Widow’s Tale retreat leads to rediscovery and recovery

RECLAIMING LIFE: After losing her husband at age 55, Donna Marie Todd created A Widow's Tale retreat to help other widows heal from the loss of a spouse. Photo courtesy of Donna Marie Todd

When Donna Marie Todd’s husband died, she was 55. “People my age aren’t expecting their spouse to die, especially not a healthy, very active spouse,” she says. “My husband had no illnesses before his stroke; he was an avid mountain biker, runner and marathoner — the picture of health. Then he stroked and wasn’t.”

Todd spent 10 months caring for her husband before he passed. Married for 23 years, she had a lot of unanswered questions about what her life would look like in the future. Bereavement counseling helped her begin to heal and understand her grief, but she found a lack of resources when she set out to rebuild her life. A professional storyteller, singer, writer, teaching artist and retreat leader from Black Mountain, she decided to create a one-day retreat for women — A Widow’s Tale.

“There were things that talked about grieving,” says Todd, “but in terms of learning how to re-create your life as a single person after having been married for a while, there were no resources available for that.”

As she submerged herself in research, she began to see a need to let other women know what she found. The idea for A Widow’s Tale evolved from her own experiences so that she could guide others through the healing process and help them learn ways to establish a new single-person identity.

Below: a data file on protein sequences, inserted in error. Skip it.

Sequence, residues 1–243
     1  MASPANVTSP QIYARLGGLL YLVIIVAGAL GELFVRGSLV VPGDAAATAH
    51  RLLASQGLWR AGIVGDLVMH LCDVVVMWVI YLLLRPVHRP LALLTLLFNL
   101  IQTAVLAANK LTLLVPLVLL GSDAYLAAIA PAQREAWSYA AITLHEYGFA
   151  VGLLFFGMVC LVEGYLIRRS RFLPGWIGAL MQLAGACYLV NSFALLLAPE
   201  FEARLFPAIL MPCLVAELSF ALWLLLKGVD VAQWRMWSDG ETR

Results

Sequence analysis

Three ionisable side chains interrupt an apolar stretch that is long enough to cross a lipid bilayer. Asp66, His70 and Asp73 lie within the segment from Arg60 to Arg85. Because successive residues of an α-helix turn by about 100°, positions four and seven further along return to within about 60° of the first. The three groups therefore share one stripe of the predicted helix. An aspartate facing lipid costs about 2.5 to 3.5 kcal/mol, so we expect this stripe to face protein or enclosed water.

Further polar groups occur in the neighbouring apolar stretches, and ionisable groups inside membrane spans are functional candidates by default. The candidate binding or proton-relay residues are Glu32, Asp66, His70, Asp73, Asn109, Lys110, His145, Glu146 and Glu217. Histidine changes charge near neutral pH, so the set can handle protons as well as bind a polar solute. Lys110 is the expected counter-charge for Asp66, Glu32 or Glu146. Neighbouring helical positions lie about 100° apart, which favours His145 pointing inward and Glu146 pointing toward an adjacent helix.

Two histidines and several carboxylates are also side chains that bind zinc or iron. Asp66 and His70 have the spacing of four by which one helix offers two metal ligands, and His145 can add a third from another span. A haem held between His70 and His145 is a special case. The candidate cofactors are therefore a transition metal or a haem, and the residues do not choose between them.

“When your spouse dies, you find yourself in this weird transitional time,” she says. “After about six months or so, you are done with all of the paperwork, such as the filing of the federal estate tax return and all of the county documents, going through the will and sorting through things in your house.

“Then you find yourself in a very new place where you are now a single person again,” says Todd. “How do you reclaim your life? How do you identify your life without the other? How do you build a new life?”

“The retreat offers women a place to find the tools and strategies to rebuild a life without [their significant] other,” says Todd.

And this happens in a setting where the other women are supportive of what you are trying to do and why, she adds.

The name for the retreat came from Todd’s passion for storytelling.

“Every widow has a tale,” she says. “I want to help women claim their stories, so they can claim their healing.”

“We will hold sacred space for each other,” says Todd. “There are things about being widowed that only another widow can understand.”

Todd applied for and received a grant from the National Storytelling Network, which underwrites the research she was doing and helps her develop materials for the widow-centered retreat.

“The more I have gotten into the research and talked to other widows about their experience, the more I feel that these retreats are meeting a larger need instead of a smaller one,” she says.

From the one-day retreat, women can expect to share their stories, learn about the science behind grief, explore techniques and exercises on how to stop fearful thinking, participate in small- and whole-group work, dabble in art and even talk about the way dating has changed over the years.